The autoinducer N-(3-oxo-hexanoyl)-l-homoserine lactone (3-oxo-C6-HSL) plays a significant role in the quorum-sensing system of the marine bacterium Vibrio fischeri. Upon forming a transcriptional activation complex with LuxR, 3-oxo-C6-HSL induces transcription of the luxICDABEG operon, leading to the increased production of both the 3-oxo-C6-HSL synthase (LuxI) and the bioluminescent proteins. In order to quantitatively analyze this regulatory mechanism, a novel approach was developed to measure 3-oxo-C6-HSL concentrations in V. fischeri cell culture supernatant. A bioluminescent strain of Escherichia coli that responds to 3-oxo-C6-HSL was used as a bioreporter. Although a linear response of the bioreporter to exogenously added synthetic 3-oxo-C6-HSL was found over several orders of magnitude, we show that bioreporter performance was dramatically impacted by variations in the supernatants using samples from a V. fischeri LuxI- strain. However, when maintained in the same supernatant background, the normalized peak bioluminescence maintained a linear response to 3-oxo-C6-HSL concentrations. Therefore, a standard additions technique was developed in which a known concentration of 3-oxo-C6-HSL was added to supernatant samples from wild-type V. fischeri cultures, and the incremental increase of the normalized peak bioluminescence relative to the untreated sample was determined. The concentration of 3-oxo-C6-HSL in the supernatant of the unknown sample was then quantified from the slope of the response between the normalized bioluminescent peaks with and without the addition of 3-oxo-C6-HSL. Advantages of this method are that it is rapid, does not require concentration or extraction, uses a small sample volume (ca. 2 ml), and accounts for effects caused by the composition of the supernatant. Furthermore, the findings can be broadly applicable to other bioreporter systems involving variable background conditions.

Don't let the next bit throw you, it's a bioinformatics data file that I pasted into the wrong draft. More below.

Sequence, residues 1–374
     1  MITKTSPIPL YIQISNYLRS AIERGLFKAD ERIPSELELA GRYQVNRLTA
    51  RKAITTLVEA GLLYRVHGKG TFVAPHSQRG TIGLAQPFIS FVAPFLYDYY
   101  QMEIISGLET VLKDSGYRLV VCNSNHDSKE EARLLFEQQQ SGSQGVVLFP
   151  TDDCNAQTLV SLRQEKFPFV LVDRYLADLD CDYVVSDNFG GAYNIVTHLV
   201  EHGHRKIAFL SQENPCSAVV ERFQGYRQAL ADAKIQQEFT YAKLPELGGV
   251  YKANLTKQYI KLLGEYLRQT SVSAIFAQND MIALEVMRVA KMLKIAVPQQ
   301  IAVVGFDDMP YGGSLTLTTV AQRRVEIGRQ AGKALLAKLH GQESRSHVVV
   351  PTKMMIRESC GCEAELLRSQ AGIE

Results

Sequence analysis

- Quorum sensing
- Vibrio fischeri